30 July 2021 - Patchwork using some of my beautiful vintage and antique sewing machines

As you probably already know, I am Chrissie Menzies and I am a textile artist living and working in Mid Wales, I am also a director of Wonderwool Wales, the largest wool and fibre festival in Wales and one of the largest in the UK. I do most of the organising and running of the event which is held annually at the end of April at the Royal Welsh Showground.

I work mainly using wet felting techniques to produce a range of bags, rucksacks and accessories, I also use eco printing for scarves & homewares. Years ago I used to do a lot of patchwork and quilting and started a patchwork group at Rotherwick WI, where we met every month at one of our member's houses. I taught them lots of different techniques and we had great fun. I also taught patchwork for beginners one afternoon a week through the council's adult education classes.

When I want a break from felting I revert to dressmaking. During 2019 I managed to finally finish a log cabin quilt that I had started 28 years ago! It is a double bed size and reached the floor. It was lovely to get it finished and on the bed for the winter and was the first patchwork that I had worked on for years. Having inherited my Mothers bed top quilt which I made for my parents' for their Ruby Wedding, and which resides on the spare bed, I decided to make another bed top quilt using William Morris pattern fabric as I have always loved his designs.

Recently I acquired a beautiful Willcox and Gibbs hand crank sewing machine through a local auction, I could not believe my luck as they do not come on the market that often & definitely not in such good condition. My hubby, Andy, checked it over and oiled it up and it was ready to go. It stitches a beautiful chain stitch. I could not resist using it for this quilt. I had a pack of squares in William Morris Fall colours and purchased a pack of fat quarters in plain autumn colours. Not having done any piecing for years it took a while to get the template right but after some good advice from the facebook UK Quilters' group I managed to get the pieces matching up when sewn. I only have 2 more squares to make up then I can start cutting the strips and putting it all together.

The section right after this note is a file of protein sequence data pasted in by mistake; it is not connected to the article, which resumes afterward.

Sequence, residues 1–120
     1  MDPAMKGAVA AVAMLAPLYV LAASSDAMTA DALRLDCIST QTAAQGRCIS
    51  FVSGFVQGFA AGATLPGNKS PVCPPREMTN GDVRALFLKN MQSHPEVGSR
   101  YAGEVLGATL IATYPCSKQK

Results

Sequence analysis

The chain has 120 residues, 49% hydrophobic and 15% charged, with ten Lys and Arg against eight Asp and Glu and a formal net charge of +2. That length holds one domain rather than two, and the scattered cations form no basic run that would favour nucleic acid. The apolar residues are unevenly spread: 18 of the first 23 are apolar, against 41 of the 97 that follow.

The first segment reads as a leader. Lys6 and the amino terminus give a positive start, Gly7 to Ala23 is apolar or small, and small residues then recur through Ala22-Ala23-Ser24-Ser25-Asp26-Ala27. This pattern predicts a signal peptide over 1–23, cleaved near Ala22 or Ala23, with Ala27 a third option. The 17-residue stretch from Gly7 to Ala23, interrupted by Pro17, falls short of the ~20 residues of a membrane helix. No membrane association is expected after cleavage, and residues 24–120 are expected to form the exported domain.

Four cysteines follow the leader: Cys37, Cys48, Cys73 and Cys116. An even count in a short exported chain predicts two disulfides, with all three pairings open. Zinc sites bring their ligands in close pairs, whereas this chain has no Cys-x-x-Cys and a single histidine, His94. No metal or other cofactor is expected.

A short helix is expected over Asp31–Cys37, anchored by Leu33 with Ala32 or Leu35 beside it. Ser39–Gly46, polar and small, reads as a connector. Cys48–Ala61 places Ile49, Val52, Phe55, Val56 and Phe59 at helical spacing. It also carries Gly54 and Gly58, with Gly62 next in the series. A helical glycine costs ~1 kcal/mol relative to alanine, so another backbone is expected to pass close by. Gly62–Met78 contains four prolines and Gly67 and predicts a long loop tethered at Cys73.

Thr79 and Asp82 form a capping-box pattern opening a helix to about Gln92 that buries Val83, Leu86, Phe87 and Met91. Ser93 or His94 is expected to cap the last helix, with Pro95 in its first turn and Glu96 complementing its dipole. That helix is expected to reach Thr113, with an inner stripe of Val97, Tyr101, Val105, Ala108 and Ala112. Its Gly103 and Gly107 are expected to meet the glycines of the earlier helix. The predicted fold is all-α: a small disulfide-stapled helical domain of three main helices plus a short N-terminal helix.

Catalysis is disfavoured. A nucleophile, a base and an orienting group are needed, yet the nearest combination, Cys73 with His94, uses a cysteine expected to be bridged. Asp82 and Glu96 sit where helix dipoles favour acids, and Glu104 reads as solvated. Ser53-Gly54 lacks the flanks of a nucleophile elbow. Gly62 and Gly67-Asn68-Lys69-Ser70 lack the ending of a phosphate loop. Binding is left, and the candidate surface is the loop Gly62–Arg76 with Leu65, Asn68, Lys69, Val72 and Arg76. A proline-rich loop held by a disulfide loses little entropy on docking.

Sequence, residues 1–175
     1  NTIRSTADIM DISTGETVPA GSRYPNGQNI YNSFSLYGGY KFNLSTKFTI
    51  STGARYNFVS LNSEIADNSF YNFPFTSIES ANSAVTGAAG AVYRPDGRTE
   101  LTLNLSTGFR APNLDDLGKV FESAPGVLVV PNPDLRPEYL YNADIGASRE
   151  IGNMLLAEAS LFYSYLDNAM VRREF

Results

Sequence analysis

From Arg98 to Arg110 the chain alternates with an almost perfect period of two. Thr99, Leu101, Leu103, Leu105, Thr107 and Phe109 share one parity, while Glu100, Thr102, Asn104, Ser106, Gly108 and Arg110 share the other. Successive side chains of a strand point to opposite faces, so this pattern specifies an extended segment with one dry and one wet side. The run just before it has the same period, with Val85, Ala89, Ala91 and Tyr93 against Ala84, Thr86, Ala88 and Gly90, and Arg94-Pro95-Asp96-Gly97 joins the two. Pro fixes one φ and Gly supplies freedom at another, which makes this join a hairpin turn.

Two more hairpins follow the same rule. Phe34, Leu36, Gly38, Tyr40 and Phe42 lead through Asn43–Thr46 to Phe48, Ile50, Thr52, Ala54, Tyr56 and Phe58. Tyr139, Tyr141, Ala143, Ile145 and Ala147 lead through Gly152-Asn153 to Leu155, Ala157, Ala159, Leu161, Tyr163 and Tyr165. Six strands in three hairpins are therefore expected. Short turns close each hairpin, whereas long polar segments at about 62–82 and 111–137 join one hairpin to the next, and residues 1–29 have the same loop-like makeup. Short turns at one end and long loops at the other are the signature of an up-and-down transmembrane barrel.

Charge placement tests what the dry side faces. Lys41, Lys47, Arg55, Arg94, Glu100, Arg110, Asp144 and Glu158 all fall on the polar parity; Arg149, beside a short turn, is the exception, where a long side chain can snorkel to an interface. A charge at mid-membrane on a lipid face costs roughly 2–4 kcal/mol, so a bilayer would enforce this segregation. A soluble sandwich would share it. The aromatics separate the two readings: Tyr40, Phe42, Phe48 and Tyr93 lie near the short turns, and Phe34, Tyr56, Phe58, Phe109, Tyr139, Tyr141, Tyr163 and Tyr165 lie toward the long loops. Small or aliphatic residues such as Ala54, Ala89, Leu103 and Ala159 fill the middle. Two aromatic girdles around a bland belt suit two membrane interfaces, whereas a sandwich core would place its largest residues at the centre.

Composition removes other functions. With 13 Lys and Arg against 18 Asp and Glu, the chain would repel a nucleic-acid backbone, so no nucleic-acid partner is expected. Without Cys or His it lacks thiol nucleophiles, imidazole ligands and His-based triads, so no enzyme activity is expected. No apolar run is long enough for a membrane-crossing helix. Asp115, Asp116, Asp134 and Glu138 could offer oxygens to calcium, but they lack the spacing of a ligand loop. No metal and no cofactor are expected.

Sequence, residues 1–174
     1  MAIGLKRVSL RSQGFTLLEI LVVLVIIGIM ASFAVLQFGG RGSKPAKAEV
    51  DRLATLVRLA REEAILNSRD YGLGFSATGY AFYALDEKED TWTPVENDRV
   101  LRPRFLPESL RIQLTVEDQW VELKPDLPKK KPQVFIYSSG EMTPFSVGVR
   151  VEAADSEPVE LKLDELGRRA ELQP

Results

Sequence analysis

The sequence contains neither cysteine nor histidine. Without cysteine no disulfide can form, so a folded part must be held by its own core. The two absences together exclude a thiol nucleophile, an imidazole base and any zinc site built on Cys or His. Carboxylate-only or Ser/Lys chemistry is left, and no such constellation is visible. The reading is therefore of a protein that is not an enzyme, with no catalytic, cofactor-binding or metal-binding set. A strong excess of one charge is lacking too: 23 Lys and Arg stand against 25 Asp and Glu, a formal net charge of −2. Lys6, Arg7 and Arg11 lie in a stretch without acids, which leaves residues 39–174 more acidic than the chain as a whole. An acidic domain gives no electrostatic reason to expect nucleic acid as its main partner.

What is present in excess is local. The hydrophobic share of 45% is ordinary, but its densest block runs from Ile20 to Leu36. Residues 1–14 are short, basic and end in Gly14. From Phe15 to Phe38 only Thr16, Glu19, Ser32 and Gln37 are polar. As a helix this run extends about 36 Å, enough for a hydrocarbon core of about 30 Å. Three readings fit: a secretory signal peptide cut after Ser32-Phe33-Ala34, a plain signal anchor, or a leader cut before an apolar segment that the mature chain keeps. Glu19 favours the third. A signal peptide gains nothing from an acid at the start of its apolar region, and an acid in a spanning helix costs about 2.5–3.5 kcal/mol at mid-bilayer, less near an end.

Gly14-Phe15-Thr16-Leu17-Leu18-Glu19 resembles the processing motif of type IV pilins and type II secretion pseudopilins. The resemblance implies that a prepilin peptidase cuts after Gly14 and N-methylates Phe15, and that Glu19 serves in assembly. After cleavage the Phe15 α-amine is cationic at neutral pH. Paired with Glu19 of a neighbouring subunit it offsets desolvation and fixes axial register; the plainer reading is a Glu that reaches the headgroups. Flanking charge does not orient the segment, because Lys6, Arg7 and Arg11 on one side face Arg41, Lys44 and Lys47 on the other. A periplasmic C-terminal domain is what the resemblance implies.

Manufacture in America of the Willcox and Gibbs chainstitch sewing machine, invented by James Edward Allen Gibbs, began in 1858, it was half the size and price of other machines on the market, not to mention half the threading! They originally produced treadle machines with very ornate base castings. You could have the machine on trial at home, no one would want to give the machine back once they had tried it out! The 1867 models had two tension discs made out of glass, in 1875 this was replaced with the automatic tensioner, which I have on my own machine. If you look from the back of the machine it is in the shape of a 'G' for Gibbs. In America the treadle version was the most popular but in Europe the hand crank version was far more popular.

The machines were manufactured for Willcox and Gibbs by J R Brown & Sharpe of Providence, Rhode Island, who were originally clock and watch makers so used to precision work working with super fine tolerances and to a very high quality, thus every part of the machine was interchangeable meaning that a machine could be assembled in less than half an hour. Competitors' machines could take a week. Manufacturing ceased later in the 20th century. It was the longest production run of any sewing machine in history.

In the early advertising ladies with treadle machines were advised to purchase the hand crank adaptor to enable them to take their machines on holiday with them so that they did not miss a day sewing!

I always think of making patchwork as an old craft, which it obviously is, that should be made on an old sewing machine. My log cabin quilt was pieced together on one of my beautiful old Frister Rossman hand crank machines and the quilting was done on a large Singer hand crank machine which has a wider head spacing to fit bulky fabric through. I have an old Jones hand crank machine that I used to make a pieced and quilted jacket for a godson when he was a baby. Now the Willcox and Gibbs is in use with the William Morris fabric, which seems quite fitting. The next project, fabric is on the way, will be produced using one of my other machines in the collection, maybe I will try and get to grips with the Singer treadle machine!

If you are interested in finding out more on the Willcox & Gibbs machines I can recommend Alex Askaroff's little book Willcox & Gibbs available on amazon.

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Chrissie Menzies
at the Chrysalis 'Art to Wear' Studio:

+44 (0)1938 820495